Accurately forecasting a company’s growth and production requirements is a tricky business and thriving natural products companies may be inclined to invest in new packaging machinery that’s needed to accommodate the rosiest growth trajectory, especially given the appealing tax breaks on capital equipment and the low interest rate environment. But investing in more speed and capacity than is necessary not only increases costs today without a corresponding benefit but it also adds the risk that if and when the projected growth is achieved, the once modern machinery may be worn to the point that repair or replacement is needed or worse, it may be made obsolete by new technology. Building a modern, entry level packaging line today with advanced automation technology that delivers the required production rates now and can also keep pace with the company as its production needs grow in the near term makes far more sense. If done properly then the mostly manual packaging line producing 10 bottles per minute may be easily increased to 40 bottles per minute with significant labor savings and then grow to produce 60-70 bottles per minute or more as needed at a very reasonable cost. If growth outpaces the original packaging line then these packaging machines may be sold fairly quickly to help fund the next packaging line since their relatively low cost and versatility assures a brisk secondary market. The fastest, most expensive machines become more difficult to sell used since there is a far smaller market at that price range.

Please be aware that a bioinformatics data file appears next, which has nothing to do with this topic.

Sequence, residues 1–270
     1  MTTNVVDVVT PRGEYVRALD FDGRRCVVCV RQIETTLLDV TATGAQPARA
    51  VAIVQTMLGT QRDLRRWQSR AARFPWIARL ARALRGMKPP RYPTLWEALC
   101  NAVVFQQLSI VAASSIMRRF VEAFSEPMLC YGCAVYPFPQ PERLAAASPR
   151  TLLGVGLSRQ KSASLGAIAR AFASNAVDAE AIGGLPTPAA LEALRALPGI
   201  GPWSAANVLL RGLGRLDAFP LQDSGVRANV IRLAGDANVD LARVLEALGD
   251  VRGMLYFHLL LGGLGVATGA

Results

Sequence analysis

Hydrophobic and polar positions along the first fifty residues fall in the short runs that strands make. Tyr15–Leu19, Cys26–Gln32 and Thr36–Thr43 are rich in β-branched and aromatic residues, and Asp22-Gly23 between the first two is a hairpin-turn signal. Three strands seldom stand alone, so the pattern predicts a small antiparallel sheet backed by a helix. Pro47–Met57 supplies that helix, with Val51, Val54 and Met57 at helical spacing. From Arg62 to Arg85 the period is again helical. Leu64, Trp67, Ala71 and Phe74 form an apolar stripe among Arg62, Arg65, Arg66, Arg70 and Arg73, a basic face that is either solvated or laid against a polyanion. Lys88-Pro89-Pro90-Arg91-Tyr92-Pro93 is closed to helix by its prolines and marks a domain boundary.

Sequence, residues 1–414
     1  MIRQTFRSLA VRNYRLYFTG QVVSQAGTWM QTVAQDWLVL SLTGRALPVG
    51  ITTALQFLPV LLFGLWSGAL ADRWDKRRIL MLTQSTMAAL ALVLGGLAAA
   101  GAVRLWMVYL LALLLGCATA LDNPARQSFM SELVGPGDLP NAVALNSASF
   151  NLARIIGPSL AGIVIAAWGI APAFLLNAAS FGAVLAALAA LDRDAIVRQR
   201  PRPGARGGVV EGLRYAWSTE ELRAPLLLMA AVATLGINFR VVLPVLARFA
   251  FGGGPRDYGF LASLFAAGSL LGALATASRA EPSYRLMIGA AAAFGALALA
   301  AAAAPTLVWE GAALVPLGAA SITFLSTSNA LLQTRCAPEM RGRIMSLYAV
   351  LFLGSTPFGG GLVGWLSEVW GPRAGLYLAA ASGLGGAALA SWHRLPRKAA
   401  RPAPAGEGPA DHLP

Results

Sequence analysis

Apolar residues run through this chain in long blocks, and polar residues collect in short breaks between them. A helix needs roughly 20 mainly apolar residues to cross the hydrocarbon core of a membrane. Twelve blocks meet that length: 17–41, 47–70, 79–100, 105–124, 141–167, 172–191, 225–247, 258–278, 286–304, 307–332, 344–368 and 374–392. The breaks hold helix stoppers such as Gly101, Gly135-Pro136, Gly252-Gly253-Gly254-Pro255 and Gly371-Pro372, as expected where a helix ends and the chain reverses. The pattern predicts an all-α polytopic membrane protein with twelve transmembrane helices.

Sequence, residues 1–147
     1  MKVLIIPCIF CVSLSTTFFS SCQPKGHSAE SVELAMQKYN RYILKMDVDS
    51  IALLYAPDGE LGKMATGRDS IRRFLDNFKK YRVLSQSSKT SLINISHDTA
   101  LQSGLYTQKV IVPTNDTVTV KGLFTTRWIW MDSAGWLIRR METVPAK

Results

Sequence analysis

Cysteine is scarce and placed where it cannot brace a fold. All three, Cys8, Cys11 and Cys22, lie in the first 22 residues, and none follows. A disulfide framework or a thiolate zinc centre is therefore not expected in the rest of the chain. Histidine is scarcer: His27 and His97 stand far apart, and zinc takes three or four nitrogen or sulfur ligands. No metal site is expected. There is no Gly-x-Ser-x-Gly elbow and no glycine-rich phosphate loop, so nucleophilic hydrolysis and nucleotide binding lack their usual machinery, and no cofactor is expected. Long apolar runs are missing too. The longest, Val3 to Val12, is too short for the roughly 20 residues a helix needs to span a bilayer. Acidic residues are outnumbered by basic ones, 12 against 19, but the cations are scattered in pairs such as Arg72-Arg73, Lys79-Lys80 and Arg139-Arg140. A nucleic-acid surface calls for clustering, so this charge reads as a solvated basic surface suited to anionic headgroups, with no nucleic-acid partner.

Automating manual tasks such as inserting a desiccant into a bottle necessarily and immediately increase production rates and save on labor. But as the packaging line becomes faster and more automated, it also becomes more complex and downtime becomes more expensive. Each machine, conveyor and accessory needs to be set to precisely match the product and the settings of the other machines to achieve maximum speed, accuracy and efficiency. If one machine goes down while running at 20 bottles per minute, for example, a person can fill in while it’s being fixed. But at higher speeds, that isn’t always possible and production suffers. In many cases, investing in faster packaging machinery also requires an investment in a full-time line maintenance and operations person who can become intimately familiar with each machine. For contract packagers and others who need setup, cleaning and changeover to move quickly, such a skilled, experienced technician who knows how to get every last bottle of production out of the packaging line becomes one of the company’s most valuable assets.
Investing in automating manual packaging tasks and in upgrading semi-automatic packaging machinery are obvious ways to speed production but they do trigger other considerations, some that may be costly. If cost isn’t an issue then invest $1 million in state-of-the-art, automated, high-speed packaging machinery and a spacious facility to house the entire packaging line. If cost is an issue then look at the overall packaging line as a system and consider adding automated machinery incrementally to keep pace with production goals while minimizing both the risk and the investment and ensuring the desired production increase is fully realized.
John Deitz is president of the family-owned Deitz Company, Inc. (www.Deitzco.com) founded in 1959. The company designs and manufactures tamper-evident neck banders, heat tunnels, tablet and capsule counters, desiccant and cotton inserters and other automated packaging machinery and accessories at its Wall, New Jersey headquarters. Deitz also provides complete filling line design and installation services. Contact John at 732.681.0200 or firstname.lastname@example.org.